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Eat red meat and still stay healthy!

Choosing the healthiest isn’t just about the fat content and red meat has had a lot of bad press recently.

Here’s how to make the healthiest choices.

Trim the fat. Just because its red meat doesn’t always mean it’s the fattest choice. Take your time and choose a lean cut and trim off any excess fat before cooking. A good cut of red meat can contain as little as 4-8g of fat per 100g.

The nicest to my mind and also the leanest beef cuts are chuck or sirloin steaks and tenderloin.

Leaner pork is tenderloin and also pork chops.

Although incredibly tasty and one of my personal favourites lamb is very fatty and generally should be avoided.

Skinned poultry has about 1-3g of fat per 100g and white meat (breast) contains less fat than poultries darker meat. I always leave the skin on whilst cooking to retain the flavour and keep it nice and moist but always remove it before serving.

Try to avoid processed meats.

The usual suspects and always a favourite, bacon, ham, sausages, salami and charcuterie are very often not only high in fat but also salt so do beware! For example, two traditional supermarket pork sausages contain 32.2g of fat and 1.8g of salt.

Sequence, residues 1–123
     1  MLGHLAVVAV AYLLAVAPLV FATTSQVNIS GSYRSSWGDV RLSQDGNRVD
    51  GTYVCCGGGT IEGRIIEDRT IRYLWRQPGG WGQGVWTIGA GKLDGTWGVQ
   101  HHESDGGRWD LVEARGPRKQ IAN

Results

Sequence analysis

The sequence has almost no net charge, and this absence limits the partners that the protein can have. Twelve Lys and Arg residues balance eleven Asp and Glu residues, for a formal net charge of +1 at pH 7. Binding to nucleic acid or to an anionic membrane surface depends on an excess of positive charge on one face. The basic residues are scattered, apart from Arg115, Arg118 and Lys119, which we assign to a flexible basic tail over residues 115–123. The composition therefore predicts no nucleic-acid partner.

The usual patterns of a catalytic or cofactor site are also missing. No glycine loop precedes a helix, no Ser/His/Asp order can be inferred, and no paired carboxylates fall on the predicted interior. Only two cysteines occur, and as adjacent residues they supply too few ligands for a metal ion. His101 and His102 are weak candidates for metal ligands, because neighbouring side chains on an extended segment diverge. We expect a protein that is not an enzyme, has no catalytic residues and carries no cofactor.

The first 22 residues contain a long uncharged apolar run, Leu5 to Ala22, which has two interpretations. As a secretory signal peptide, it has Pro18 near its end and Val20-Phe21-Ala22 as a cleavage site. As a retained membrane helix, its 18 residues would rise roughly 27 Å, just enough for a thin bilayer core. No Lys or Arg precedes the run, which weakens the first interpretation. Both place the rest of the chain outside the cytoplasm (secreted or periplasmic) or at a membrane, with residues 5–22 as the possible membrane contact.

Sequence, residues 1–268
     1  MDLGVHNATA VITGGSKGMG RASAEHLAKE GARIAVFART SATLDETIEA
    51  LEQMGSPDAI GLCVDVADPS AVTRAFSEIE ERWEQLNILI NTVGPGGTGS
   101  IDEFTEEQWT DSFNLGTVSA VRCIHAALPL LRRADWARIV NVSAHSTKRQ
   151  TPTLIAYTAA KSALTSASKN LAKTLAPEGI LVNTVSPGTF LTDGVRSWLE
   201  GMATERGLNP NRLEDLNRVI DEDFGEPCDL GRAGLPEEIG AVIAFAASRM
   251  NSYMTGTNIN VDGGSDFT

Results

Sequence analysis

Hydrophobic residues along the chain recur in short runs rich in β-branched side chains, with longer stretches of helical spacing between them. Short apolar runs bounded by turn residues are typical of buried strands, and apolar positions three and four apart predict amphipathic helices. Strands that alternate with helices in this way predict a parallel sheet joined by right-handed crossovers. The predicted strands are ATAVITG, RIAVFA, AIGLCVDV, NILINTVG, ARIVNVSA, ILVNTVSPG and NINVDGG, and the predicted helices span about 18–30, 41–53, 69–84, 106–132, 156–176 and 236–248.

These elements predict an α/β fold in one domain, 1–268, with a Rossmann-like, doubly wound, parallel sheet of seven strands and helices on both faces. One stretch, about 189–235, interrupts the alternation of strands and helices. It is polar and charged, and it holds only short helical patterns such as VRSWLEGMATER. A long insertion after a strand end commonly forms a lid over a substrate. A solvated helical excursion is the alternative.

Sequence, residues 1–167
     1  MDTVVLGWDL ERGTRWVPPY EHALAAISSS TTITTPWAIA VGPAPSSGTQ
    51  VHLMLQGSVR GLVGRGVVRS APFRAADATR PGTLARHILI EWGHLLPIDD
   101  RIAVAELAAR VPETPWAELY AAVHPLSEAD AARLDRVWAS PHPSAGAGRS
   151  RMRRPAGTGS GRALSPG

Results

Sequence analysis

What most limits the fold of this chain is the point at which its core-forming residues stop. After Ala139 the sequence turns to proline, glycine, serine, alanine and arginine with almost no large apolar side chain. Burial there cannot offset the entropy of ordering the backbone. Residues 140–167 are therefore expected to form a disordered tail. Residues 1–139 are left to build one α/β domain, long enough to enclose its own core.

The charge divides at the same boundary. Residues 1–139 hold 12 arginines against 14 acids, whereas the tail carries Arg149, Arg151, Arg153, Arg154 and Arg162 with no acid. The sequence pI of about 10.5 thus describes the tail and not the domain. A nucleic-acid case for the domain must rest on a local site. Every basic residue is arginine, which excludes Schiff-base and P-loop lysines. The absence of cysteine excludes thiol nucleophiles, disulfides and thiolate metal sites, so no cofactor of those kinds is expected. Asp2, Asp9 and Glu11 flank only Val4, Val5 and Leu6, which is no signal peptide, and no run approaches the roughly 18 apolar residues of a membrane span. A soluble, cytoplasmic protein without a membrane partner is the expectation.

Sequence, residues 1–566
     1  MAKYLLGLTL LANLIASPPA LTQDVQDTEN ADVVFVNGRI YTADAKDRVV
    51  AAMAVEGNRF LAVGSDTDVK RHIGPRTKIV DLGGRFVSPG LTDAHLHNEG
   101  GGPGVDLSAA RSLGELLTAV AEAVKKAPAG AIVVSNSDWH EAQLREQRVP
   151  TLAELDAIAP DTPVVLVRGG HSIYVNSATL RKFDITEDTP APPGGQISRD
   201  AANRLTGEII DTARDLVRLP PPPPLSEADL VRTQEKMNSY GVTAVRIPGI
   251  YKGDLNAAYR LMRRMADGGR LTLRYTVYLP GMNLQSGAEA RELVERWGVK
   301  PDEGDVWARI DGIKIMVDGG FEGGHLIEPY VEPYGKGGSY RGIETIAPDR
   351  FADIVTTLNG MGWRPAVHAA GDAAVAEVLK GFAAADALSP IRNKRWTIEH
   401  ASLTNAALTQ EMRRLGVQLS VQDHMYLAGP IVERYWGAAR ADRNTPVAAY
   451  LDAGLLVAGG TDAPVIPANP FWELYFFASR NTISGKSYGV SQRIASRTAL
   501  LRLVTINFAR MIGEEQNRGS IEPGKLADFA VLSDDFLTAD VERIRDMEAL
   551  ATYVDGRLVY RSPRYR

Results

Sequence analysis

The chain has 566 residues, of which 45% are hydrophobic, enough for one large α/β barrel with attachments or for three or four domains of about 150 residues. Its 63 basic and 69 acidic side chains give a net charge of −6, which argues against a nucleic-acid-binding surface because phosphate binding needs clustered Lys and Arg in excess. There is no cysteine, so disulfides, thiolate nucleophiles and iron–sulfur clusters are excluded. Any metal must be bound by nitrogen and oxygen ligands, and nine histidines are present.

That equates to nearly half your daily recommended fat allowance and almost a whopping third of your salt allowance and can also contain something called nitrosamines which are curing chemicals which are known to be carcinogenic in high quantities so I would personally avoid at all costs!

If you can’t beat the urge, go for premium or organic versions which are produced without the nitrates and try to limit eating them to once a month.

Choosing organic.

I know organically reared meat can be expensive but if you can afford it I swear it tastes so much better, and studies have actually shown organic can be more nutritious and richer in healthy essential fatty acids. You can also rest assured that organic animals are only fed natural food and enjoyed a much nicer stress free life, bless em, and won’t have been fed genetically modified feed or injected with antibiotics.

Try an alternative.

Venison is an absolutely fab source of low fat protein and is extra rich in B vitamins and iron and contains more iron than beef for fewer calories. Venison is very often wild or farmed where the deer have plenty of room to roam. Rabbit (Hey, what’s up Doc?) is making a popular comeback and it’s worth asking your local butcher when he next has rabbit in as it’s lean, wonderfully tasty in a stew and an excellent source of protein, iron, selenium, folate and vitamin B12.

It’s always great fun to experiment with your food and give your taste buds a treat so go on, give it go!

Best wishes Garth.

Like to know how your eating is affecting you? Gimme a call

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